It is also the case, of course, that all outcomes cannot be equalized. First, outcomes must bemeasured. Comparing the salaries of people who occupy the same position is relativelystraightforward (although complicated significantly by such things as date of hire, given thedifference in demand for workers, for example, at different time periods). But there are otherdimensions of comparison that are arguably equally relevant, such as tenure, promotion rate,and social influence. The introduction of the “equal pay for equal work” argument immediatelycomplicates even salary comparison beyond practicality, for one simple reason: who decideswhat work is equal? It’s not possible. That’s why the marketplace exists. Worse is the problemof group comparison: women should make as much as men. OK. Black women should make asmuch as white women. OK. Should salary then be adjusted for all parameters of race? At whatlevel of resolution? What racial categories are “real”?

    The U.S. National Institute of Health, to take a single bureaucratic example, recognizesAmerican Indian or Alaska Native, Asian, Black, Hispanic, Native Hawaiian or other Pacific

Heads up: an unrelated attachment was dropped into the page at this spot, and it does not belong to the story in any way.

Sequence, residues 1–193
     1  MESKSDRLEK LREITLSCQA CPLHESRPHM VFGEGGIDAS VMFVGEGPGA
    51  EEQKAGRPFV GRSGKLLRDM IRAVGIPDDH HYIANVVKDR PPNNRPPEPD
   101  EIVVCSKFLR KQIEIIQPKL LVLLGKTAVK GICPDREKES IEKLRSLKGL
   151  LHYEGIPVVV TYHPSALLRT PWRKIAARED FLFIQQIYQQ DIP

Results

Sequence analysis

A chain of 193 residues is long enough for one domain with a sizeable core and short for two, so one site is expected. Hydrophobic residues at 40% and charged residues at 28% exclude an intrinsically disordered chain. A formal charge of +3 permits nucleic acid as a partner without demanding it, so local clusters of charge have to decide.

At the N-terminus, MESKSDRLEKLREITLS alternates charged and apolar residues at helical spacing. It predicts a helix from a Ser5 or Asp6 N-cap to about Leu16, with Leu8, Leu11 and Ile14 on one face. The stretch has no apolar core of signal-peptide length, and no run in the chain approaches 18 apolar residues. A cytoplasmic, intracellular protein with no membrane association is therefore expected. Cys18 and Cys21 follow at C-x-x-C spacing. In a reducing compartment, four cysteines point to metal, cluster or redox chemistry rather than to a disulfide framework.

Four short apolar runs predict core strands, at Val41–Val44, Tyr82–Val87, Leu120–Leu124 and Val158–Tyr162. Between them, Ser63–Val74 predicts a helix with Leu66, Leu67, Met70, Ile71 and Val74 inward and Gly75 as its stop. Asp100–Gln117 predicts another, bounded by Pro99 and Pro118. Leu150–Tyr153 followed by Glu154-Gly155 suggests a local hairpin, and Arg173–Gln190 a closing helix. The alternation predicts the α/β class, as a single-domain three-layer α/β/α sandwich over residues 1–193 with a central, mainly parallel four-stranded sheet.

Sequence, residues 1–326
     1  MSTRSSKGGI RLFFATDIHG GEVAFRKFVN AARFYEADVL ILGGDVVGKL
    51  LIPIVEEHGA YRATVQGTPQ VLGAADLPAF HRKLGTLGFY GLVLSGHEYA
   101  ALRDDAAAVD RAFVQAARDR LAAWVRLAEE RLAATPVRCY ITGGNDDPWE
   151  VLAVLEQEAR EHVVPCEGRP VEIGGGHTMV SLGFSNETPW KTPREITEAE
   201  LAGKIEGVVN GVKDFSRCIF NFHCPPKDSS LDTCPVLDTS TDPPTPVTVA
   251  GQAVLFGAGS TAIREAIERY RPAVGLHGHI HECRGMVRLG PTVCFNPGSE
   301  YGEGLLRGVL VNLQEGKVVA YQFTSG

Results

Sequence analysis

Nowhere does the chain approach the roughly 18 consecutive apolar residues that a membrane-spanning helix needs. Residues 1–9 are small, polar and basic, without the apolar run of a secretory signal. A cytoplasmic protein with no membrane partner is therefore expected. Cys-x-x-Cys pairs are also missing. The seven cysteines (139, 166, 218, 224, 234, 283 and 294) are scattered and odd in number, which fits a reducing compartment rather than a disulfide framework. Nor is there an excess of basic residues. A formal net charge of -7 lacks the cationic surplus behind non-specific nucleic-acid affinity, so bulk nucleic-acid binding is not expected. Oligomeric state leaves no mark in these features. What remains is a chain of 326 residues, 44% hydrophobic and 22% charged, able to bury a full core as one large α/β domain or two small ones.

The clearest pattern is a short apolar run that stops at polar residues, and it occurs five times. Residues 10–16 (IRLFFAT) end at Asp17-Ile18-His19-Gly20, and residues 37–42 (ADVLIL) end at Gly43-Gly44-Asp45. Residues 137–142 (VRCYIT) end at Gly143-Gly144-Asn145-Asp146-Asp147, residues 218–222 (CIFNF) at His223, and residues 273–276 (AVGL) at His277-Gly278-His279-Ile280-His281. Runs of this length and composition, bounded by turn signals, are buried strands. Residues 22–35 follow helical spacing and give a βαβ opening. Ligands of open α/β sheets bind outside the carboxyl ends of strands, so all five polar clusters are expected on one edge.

• Islander, and White. But there are more than five hundred separate American Indian tribes. Bywhat possible logic should “American Indian” therefore stand as a canonical category? Osagetribal members have a yearly average income of $30K, while Tohono O’odham’s make $11K.Are they equally oppressed? What about disabilities? Disabled people should make as much asnon-disabled people. OK. On the surface, that’s a noble, compassionate, fair claim. But who isdisabled? Is someone living with a parent with Alzheimer’s disabled? If not, why not? Whatabout someone with a lower IQ? Someone less attractive? Someone overweight? Some peopleclearly move through life markedly overburdened with problems that are beyond their control,but it is a rare person indeed who isn’t suffering from at least one serious catastrophe at anygiven time—particularly if you include their family in the equation. And why shouldn’t you?Here’s the fundamental problem: group identity can be fractionated right down to the level ofthe individual. That sentence should be written in capital letters. Every person is unique—andnot just in a trivial manner: importantly, significantly, meaningfully unique. Group membershipcannot capture that variability. Period.